Late last week, Microsoft launched a mobile phone music downloading service in the UK, but the public has quickly focused its attention on Microsoft UK's mystifying choice to include digital rights management (DRM) on its music files. PC Pro reports that the restrictions prevent buyers from playing the music anywhere but on the mobile phone used to make the purchase, while tracks from the iTunes Music Store and Amazon's MP3 store are cheaper and DRM-free.
In a follow-up Q&A published by PC Pro, a Microsoft UK executive attempts a familiar "defense" of the DRM antifeature -- acting like the consumer may want less freedom with their purchased media:
[Q:] With the likes of iTunes and Amazon offering DRM-free music that you can play on any device, why would anyone choose the MSN Mobile service?
[A:] There may well be people who just want to listen to the track on their mobile alone.
Even users that prefer to listen to MP3s on their mobile phone are able to load their devices with cheaper tracks from iTunes or Amazon; moreover those DRM-free tracks won't become unplayable when the user upgrades to a new model. It seems unlikely that MSN Mobile Music's DRM-laden service will see much growth after Apple and Amazon have publicly announced the end of DRM on their digital music sales. Forward-thinking companies should also recognize that DRM can be a liability -- facing mass consumer frustration, game publisher Electronic Arts was forced to retool its DRM scheme for the video game Spore and now faces a class action lawsuit over the SecuROM copy protection software. In the US, DRM's bad reputation has reached even the government, with the Federal Trade Commission planning a public meeting in March to gather views on DRM and its effects on consumers.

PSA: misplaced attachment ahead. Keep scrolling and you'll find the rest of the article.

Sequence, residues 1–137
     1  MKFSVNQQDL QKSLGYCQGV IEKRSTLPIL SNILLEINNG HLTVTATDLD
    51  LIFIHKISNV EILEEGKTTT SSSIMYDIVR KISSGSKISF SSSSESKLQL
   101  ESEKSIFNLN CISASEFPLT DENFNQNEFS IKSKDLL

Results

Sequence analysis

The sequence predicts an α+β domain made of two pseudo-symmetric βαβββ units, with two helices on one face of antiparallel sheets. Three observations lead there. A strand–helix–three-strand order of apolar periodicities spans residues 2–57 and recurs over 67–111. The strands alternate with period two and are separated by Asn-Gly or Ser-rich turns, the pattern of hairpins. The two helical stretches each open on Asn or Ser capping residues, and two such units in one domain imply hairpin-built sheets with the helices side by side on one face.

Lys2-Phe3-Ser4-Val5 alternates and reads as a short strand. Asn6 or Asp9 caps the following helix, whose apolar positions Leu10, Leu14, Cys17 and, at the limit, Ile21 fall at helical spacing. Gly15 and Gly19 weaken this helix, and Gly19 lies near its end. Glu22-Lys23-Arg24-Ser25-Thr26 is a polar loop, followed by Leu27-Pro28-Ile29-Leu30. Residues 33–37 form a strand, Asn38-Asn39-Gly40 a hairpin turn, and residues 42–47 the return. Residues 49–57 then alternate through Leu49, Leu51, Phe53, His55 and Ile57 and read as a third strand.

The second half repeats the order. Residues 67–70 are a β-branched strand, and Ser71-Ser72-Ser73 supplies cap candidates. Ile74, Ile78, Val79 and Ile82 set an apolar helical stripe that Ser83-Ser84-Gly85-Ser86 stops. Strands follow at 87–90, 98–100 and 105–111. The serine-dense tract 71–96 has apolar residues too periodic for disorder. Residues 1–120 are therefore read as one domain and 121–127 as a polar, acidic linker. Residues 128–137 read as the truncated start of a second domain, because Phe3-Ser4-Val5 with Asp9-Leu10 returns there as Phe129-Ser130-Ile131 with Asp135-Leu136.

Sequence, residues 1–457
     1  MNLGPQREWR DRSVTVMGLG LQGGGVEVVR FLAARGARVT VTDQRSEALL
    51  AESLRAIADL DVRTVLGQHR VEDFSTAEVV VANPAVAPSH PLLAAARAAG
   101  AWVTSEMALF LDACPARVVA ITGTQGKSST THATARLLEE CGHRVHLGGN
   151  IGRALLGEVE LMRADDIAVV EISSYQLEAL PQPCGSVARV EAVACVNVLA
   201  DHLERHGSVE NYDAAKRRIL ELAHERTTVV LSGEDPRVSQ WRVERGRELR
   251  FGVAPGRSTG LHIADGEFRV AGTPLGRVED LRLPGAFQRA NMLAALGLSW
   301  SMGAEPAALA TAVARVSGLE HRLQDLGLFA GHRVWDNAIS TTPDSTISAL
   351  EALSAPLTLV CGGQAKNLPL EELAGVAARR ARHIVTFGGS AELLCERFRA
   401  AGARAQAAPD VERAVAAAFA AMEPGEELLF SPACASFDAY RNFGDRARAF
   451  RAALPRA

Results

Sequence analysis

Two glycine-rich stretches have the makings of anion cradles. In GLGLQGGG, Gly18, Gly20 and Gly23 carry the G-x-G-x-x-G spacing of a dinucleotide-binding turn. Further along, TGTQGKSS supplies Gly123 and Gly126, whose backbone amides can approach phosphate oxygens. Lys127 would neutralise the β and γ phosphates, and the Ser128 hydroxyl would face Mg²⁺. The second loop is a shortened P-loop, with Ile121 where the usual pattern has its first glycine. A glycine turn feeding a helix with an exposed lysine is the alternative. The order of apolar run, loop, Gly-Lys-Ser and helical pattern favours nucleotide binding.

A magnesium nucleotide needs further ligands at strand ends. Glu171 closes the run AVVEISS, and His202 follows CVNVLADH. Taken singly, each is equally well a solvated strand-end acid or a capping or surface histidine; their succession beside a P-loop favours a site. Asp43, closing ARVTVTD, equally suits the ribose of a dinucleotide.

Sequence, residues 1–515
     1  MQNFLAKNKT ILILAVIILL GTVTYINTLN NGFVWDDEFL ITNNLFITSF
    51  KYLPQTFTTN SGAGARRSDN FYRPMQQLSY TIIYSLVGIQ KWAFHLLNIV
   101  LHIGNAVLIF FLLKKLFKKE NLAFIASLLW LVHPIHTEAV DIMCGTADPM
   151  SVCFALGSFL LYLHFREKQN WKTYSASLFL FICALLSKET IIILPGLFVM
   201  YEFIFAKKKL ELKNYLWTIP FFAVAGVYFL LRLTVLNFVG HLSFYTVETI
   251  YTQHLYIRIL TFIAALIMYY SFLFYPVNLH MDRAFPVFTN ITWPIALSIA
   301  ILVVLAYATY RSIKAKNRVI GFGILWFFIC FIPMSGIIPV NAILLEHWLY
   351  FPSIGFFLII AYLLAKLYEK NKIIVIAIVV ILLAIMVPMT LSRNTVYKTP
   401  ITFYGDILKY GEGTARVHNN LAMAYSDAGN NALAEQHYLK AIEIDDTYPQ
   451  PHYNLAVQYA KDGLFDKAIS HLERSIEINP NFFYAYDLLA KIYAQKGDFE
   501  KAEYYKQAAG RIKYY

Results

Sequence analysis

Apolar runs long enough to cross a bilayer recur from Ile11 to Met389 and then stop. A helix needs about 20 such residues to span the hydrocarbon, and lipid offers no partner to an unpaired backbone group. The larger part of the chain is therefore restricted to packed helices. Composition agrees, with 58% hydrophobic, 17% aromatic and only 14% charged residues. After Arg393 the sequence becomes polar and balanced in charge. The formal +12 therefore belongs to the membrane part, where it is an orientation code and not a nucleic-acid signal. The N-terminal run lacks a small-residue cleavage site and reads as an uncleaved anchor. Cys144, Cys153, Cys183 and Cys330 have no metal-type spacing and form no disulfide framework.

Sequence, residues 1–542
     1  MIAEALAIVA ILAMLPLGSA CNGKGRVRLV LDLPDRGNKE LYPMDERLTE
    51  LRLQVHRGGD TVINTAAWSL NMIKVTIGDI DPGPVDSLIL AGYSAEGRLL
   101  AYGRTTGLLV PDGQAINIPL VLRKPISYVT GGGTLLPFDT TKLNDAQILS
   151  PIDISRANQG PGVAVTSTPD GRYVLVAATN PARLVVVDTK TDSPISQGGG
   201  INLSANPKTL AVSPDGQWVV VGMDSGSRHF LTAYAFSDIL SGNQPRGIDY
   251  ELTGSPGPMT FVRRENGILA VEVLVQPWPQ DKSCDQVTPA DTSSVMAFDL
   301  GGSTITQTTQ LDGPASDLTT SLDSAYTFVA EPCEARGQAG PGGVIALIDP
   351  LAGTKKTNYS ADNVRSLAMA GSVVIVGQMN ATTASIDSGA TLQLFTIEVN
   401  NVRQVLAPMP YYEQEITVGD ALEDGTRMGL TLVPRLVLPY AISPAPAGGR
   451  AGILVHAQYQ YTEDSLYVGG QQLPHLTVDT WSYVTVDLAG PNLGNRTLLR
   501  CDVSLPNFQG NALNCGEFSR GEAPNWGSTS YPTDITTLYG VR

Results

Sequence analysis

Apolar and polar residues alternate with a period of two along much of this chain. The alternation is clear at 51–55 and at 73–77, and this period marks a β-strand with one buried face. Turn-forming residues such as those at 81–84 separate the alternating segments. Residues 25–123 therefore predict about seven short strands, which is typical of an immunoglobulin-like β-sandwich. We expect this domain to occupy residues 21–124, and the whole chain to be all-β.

For MSN Mobile Music, there are really only two viable options for moving forward: come up to speed with the rest of the DRM-free music market, or fold.